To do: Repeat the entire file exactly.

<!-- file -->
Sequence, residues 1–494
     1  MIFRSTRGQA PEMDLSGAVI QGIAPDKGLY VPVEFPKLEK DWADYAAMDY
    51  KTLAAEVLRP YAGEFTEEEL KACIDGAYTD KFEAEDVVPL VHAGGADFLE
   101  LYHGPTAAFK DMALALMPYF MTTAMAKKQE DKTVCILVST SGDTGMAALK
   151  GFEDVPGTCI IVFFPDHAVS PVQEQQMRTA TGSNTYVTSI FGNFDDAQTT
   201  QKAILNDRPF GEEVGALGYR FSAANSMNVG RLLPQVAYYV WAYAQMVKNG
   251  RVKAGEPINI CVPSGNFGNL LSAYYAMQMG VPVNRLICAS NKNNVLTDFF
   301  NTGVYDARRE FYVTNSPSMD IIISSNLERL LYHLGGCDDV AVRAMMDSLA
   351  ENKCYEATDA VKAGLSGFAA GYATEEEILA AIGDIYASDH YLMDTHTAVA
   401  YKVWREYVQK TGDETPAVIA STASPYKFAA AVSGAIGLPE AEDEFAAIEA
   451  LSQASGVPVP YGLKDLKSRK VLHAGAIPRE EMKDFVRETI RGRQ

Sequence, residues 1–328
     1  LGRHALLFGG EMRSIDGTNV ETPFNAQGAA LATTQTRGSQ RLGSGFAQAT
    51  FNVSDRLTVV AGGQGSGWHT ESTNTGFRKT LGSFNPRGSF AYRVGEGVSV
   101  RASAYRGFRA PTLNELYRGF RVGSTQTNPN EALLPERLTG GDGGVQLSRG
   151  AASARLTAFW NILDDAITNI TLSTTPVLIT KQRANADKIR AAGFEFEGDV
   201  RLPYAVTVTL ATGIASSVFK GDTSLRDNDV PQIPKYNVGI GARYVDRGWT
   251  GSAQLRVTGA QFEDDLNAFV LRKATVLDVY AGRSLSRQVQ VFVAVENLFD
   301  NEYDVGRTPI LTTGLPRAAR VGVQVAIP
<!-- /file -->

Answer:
Sequence, residues 1–494
     1  MIFRSTRGQA PEMDLSGAVI QGIAPDKGLY VPVEFPKLEK DWADYAAMDY
    51  KTLAAEVLRP YAGEFTEEEL KACIDGAYTD KFEAEDVVPL VHAGGADFLE
   101  LYHGPTAAFK DMALALMPYF MTTAMAKKQE DKTVCILVST SGDTGMAALK
   151  GFEDVPGTCI IVFFPDHAVS PVQEQQMRTA TGSNTYVTSI FGNFDDAQTT
   201  QKAILNDRPF GEEVGALGYR FSAANSMNVG RLLPQVAYYV WAYAQMVKNG
   251  RVKAGEPINI CVPSGNFGNL LSAYYAMQMG VPVNRLICAS NKNNVLTDFF
   301  NTGVYDARRE FYVTNSPSMD IIISSNLERL LYHLGGCDDV AVRAMMDSLA
   351  ENKCYEATDA VKAGLSGFAA GYATEEEILA AIGDIYASDH YLMDTHTAVA
   401  YKVWREYVQK TGDETPAVIA STASPYKFAA AVSGAIGLPE AEDEFAAIEA
   451  LSQASGVPVP YGLKDLKSRK VLHAGAIPRE EMKDFVRETI RGRQ

Sequence, residues 1–328
     1  LGRHALLFGG EMRSIDGTNV ETPFNAQGAA LATTQTRGSQ RLGSGFAQAT
    51  FNVSDRLTVV AGGQGSGWHT ESTNTGFRKT LGSFNPRGSF AYRVGEGVSV
   101  RASAYRGFRA PTLNELYRGF RVGSTQTNPN EALLPERLTG GDGGVQLSRG
   151  AASARLTAFW NILDDAITNI TLSTTPVLIT KQRANADKIR AAGFEFEGDV
   201  RLPYAVTVTL ATGIASSVFK GDTSLRDNDV PQIPKYNVGI GARYVDRGWT
   251  GSAQLRVTGA QFEDDLNAFV LRKATVLDVY AGRSLSRQVQ VFVAVENLFD
   301  NEYDVGRTPI LTTGLPRAAR VGVQVAIP